A: A successful partnering strategy should focus on maximizing the value of the programs and providing global access to patients across geographies expeditiously. Most large oncology indications remain as high unmet need spaces with dismal 5-year survival expectancy. Therefore, BioCity BD team will focus on partners that will help speed up progress in clinic across broad indication spaces. Our aim is to create deal structures that will set up a win-win-win scenario for both partners as well as the patients. As we develop into a global company born in China, we also recognize the importance of retaining significant value of our programs in China through creative deal structuring. This will pave the path for strengthening our clinical development capabilities and building a commercial force in China. For ex-China territories, we will focus on leveraging partner’s global capabilities in clinical development and commercialization. The goal of our BD activities at BioCity is to create value for our shareholders and the patients.
Q: Last question. How will the BioCity BD team work together to execute on this strategy?
We have now begun to reach out to MNCs to socialize our clinical stage programs to explore potential partnership paths. As we meet with our potential partners, we are learning about what additional data that might be necessary to move into deeper licensing discussions. Based on this information we are in the process of assessing each program under multiple partnership scenarios to position the entire portfolio in the strongest possible shape. We have initiated good dialogue with multiple potential partners, and we will continue to cultivate these relationships as we advance the programs to their appropriate inflection points. We believe the inflections would happen not far in the future.
Based on the portfolio with great potential, BioCity has built a young, energetic, and competent BD team. As the leader of this team, I am excited to work side by side with my team members and help guide their professional development process. I have all the confidence that the team will blossom into a strong group of BD professionals in a relatively short period of time. The team’s development will play an important role in the short-term partnering activities as well as the long-term growth phase of the company.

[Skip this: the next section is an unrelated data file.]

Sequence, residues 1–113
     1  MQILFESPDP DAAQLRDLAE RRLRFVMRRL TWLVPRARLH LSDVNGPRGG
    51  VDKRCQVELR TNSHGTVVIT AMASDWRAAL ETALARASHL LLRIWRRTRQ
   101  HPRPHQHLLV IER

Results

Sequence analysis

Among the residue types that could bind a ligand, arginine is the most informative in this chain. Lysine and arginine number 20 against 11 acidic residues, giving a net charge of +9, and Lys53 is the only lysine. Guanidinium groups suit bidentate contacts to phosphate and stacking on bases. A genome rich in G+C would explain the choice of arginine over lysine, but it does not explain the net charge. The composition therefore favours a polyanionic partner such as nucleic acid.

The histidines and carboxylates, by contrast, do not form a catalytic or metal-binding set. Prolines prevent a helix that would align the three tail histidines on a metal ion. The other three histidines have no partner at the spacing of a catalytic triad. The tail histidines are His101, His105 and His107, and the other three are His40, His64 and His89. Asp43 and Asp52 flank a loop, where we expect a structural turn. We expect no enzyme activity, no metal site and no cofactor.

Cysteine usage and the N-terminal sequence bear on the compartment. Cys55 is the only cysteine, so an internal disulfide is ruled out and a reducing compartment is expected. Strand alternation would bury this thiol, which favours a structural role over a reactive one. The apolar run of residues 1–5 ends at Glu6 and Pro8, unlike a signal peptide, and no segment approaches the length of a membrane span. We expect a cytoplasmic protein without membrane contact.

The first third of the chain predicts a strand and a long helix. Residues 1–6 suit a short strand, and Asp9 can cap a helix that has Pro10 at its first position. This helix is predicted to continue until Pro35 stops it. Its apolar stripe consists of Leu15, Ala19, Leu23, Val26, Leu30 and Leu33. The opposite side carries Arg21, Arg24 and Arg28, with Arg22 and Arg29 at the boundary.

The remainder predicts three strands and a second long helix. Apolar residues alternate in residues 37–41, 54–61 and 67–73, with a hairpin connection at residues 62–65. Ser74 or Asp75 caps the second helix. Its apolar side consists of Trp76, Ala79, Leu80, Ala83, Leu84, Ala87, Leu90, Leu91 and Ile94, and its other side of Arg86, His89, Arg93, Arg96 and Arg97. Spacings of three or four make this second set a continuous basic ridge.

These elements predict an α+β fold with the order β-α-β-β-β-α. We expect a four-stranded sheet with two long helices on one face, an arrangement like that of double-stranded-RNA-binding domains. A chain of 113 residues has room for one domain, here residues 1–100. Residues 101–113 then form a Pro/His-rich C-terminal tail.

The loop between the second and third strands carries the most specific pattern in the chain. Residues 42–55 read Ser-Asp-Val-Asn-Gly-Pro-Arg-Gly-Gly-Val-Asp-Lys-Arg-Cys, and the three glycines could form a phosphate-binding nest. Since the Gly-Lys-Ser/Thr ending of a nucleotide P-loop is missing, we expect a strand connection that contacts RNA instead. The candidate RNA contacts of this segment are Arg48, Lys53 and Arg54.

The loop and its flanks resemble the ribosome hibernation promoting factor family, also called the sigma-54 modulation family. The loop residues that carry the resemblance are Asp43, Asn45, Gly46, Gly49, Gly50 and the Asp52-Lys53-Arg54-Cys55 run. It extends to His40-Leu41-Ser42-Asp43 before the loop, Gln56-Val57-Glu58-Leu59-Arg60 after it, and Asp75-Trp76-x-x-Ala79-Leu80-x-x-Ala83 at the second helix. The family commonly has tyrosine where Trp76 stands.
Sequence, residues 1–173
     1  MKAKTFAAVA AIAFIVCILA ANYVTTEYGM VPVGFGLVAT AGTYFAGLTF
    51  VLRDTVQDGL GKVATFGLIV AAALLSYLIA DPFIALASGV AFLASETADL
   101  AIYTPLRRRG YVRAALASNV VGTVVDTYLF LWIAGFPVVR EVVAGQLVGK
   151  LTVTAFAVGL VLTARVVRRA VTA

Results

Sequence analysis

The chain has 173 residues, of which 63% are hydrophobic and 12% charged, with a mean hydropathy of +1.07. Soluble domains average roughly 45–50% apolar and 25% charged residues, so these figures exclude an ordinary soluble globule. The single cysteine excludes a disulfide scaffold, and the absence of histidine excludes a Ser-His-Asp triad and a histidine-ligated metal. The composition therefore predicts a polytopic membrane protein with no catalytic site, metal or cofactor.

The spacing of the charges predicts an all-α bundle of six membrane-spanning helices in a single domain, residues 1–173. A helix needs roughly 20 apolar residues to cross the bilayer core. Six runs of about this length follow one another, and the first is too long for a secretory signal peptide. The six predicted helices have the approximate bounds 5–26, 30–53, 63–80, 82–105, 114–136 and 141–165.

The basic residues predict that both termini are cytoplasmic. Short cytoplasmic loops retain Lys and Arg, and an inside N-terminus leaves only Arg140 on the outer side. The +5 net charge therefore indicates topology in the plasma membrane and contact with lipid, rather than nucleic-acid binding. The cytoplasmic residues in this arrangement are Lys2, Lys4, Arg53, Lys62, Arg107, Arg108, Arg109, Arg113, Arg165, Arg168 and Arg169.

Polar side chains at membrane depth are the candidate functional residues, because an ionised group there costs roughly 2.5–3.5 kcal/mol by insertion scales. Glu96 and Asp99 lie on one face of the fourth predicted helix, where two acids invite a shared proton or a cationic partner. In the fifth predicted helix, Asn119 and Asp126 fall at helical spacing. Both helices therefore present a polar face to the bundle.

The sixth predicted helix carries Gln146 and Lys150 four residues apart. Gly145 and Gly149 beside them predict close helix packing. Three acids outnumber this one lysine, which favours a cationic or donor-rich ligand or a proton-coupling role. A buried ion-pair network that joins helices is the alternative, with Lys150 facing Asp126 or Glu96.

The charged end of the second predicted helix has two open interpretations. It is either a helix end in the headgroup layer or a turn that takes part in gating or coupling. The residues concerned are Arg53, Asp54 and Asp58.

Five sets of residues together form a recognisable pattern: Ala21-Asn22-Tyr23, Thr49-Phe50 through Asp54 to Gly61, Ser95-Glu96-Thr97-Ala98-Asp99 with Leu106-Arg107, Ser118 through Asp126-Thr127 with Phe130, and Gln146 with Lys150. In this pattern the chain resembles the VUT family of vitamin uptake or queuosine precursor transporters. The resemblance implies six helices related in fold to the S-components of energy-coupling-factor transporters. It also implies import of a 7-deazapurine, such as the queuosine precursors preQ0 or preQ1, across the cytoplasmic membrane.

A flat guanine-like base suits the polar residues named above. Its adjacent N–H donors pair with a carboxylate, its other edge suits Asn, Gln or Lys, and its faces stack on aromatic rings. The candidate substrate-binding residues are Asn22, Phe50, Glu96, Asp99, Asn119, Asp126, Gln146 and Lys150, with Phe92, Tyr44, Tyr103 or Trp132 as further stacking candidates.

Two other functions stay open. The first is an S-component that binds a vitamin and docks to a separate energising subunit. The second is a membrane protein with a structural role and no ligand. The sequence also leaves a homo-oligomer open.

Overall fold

About Dr. Kaan Certel
Dr. Kaan Certel has over 20 years of academic and industry experience. He is a globally recognized business development expert, also he is a cancer biologist with a deep understanding of genetics, cell biology, and immunology.
Recently, Kaan has been appointed as the Chief Business Officer of Biocity Biopharmaceutics. In this role, he is responsible of leading the company’s global BD activities, and supporting strategic management affairs. Before joining BioCity, he was the Global Head of Oncology External Innovation, Sanofi Partnering, where he led a team of senior level professionals to identify and assess potential in-licensing and collaboration opportunities.
His previous R&D experience includes small molecule discovery at X-Chem Pharmaceuticals and antibody discovery at X-Body Biosciences, which is now a part of Bristol Myer Squibb. His expertise expands multiple therapeutic areas such as oncology, immune-oncology, and autoimmune diseases.
Kaan received his Ph.D. degree in Genetics from the University of Iowa and had his postdoctoral training in the Koch Institute for Integrative Cancer Research at MIT.
Founded in December 2017, BioCity is a clinical-stage biopharmaceutical company committed to developing novel and highly differentiated, modality-independent therapeutics for cancer and autoimmune disorders including chronic kidney diseases (CKD). The company has established a pipeline of more than 10 innovative drug candidates based on diversified modalities including small molecules, monoclonal and bispecific antibodies, as well as antibody-drug conjugates (ADCs).
Currently, BioCity Biopharma has 6 oncology assets in Phase 1 development, including the first-in-Class CDH3-targeting ADC, agents targeting the DNA damage response (DDR) pathway via a WEE1 and an ATR inhibitor, and agents targeting the immune system including a T cell engager (CD3/EGFR BsAb), an immune checkpoint inhibitor (TIM-3 mAb), and a T cell activator (4-1BB mAb). In addition, an endothelin A (ETA)-receptor selective antagonist for CKD is in phase 2 randomized trial.